Finding Big Data in the Supply Chain
Big data. You may not be familiar with the term, but if you’re a supply chain manager, there’s a good chance you’re dealing with a Big Data problem, experts say.
Big data is what technologists call data that falls outside the bounds of transactional databases. It’s generally described by the “three Vs” of volume, velocity and variety.
In a recent whitepaper, “Big Data: Go Big or Go Home?” founder and CEO Supply Chain Insights Lora Cecere explained where you’ll find the three Vs in supply chains:
Volume: Large amounts of data. With data doubling every two years, even midsized organizations are dealing with “big data” volumes. A single ERP system can hold what amounts to a “Big Data” volume of data: Cecere spoke with one company whose ERP held five terabytes of data.
Velocity: In supply chains and on manufacturing floors, a growing army of sensors rapidly pump out data in the form of RFID, GPS location, temperature and QR codes.
Variety: What you typically think of as data is actually one type of data: Structured data, meaning it will fit into a relational database. But there’s a world of unstructured data produced in supply chains, too, including customer service reports, channel information, warranties, video, voice, mapping and digital images.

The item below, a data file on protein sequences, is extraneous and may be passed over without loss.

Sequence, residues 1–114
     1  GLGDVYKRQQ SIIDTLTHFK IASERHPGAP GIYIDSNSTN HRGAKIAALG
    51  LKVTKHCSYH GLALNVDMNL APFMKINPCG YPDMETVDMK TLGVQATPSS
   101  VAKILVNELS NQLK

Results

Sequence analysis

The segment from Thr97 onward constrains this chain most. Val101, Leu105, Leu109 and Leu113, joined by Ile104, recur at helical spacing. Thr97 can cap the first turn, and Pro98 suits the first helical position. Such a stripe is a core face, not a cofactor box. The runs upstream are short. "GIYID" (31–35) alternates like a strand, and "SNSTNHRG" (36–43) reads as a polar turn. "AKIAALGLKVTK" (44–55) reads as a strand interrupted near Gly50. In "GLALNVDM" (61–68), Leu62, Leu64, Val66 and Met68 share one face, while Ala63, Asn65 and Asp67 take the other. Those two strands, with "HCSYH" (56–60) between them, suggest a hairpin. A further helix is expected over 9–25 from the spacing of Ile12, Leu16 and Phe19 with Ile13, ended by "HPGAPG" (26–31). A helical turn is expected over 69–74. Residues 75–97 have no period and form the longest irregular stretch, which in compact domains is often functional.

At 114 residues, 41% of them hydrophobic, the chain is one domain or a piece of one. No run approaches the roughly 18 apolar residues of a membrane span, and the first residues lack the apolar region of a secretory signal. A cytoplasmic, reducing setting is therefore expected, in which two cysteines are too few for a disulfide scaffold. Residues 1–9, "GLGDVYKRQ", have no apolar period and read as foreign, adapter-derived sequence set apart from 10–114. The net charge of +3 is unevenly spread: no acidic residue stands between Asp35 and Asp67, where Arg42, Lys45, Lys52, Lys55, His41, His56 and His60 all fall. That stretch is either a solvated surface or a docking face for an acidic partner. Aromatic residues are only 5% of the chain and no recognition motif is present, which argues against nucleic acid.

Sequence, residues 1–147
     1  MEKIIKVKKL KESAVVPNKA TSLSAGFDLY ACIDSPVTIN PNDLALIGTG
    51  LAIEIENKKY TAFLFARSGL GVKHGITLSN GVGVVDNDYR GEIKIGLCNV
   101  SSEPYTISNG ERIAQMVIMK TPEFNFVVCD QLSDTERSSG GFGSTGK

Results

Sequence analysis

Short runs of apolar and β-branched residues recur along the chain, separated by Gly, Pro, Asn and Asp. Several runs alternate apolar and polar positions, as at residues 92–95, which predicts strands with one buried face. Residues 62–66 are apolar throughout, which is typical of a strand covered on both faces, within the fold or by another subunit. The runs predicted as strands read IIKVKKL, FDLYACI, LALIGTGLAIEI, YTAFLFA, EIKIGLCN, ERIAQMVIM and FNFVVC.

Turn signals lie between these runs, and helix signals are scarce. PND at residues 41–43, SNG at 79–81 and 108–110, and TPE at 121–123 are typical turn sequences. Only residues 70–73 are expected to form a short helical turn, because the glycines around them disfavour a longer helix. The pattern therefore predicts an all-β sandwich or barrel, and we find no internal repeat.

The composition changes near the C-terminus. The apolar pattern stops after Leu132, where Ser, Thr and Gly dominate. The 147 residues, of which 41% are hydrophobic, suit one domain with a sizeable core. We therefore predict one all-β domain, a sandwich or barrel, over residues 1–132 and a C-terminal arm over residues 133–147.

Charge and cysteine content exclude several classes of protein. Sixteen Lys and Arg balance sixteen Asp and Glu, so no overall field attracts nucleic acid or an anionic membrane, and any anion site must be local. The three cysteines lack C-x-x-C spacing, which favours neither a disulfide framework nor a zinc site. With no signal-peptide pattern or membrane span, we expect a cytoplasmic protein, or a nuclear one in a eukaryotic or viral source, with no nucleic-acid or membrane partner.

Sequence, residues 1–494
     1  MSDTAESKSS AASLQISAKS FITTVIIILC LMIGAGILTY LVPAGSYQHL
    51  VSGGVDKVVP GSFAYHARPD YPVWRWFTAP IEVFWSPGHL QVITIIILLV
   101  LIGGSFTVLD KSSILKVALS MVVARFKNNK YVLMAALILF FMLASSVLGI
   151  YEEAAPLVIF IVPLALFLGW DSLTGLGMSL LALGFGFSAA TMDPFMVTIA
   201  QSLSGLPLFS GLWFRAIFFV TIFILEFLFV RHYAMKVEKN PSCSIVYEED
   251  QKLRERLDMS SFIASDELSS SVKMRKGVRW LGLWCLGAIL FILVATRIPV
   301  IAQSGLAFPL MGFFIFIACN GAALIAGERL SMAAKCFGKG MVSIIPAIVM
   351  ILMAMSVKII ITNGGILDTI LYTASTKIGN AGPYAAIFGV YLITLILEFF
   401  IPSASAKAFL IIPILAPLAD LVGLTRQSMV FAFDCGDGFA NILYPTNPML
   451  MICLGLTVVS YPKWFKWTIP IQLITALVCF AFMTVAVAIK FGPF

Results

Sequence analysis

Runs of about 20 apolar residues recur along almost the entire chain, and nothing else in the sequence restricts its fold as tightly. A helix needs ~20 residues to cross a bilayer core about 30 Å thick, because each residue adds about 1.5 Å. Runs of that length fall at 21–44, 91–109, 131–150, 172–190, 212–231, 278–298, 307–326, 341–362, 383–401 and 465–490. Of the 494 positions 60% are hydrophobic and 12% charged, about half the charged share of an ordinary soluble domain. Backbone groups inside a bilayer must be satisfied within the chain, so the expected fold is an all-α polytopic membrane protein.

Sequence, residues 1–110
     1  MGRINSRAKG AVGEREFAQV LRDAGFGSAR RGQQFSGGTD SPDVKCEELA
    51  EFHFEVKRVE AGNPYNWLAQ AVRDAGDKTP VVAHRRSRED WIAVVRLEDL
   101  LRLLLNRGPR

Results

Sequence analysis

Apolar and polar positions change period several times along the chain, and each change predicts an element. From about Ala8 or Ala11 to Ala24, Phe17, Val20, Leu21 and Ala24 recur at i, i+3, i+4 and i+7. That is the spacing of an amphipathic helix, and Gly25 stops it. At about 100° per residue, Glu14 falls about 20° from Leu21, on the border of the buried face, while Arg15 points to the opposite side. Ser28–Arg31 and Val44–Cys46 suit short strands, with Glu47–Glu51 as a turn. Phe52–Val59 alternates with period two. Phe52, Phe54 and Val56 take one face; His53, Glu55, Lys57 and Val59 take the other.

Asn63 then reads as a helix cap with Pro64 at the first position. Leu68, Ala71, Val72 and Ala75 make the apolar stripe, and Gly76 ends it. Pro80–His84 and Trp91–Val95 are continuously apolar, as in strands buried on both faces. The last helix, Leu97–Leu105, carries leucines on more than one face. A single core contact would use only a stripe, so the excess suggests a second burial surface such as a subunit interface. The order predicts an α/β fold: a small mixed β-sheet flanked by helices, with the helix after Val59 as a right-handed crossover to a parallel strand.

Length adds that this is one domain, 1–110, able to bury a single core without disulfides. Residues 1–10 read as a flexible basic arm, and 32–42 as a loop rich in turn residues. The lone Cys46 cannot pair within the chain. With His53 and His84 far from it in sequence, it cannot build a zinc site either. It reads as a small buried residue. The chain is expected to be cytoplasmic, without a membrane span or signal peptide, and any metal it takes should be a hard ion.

Big data technology will allow supply chain management to capture, process and better analyze all this data in new ways. Already, some supply chains are starting to experiment with Big Data initiatives, as Cecere discusses in the whitepaper.
It’s still too soon to know for sure how Big Data technologies will impact supply chains, but one thing’s for sure: Supply chain managers will need a new level of expertise when it comes to data, Paul Dennies, program director for high-tech manufacturing with Teradata, recently told SupplyChainBrain.com.
Here are some steps you can take to prepare the supply chain for Big Data:
- Synchronize your data, either through a single platform that can handle large volumes or through the integration of multiple systems, recommends Dennies. That said, even with a single platform, you’ll probably need back-end integration middleware to pull in data from legacy systems.
- Focus on traceability — you should be able to monitor the movement of parts and product from the individual component level to the customer and field-services teams, according to Dennies.
- Focus on data as a core competency, recommends Cecere. Many companies do this through an Integration Competency Center or an information management team. Generally, these disciplines are overseen by the CIO, but often individual business units will launch their own data projects without consulting with IT, leading to integration problems down the road. Don’t be that business unit.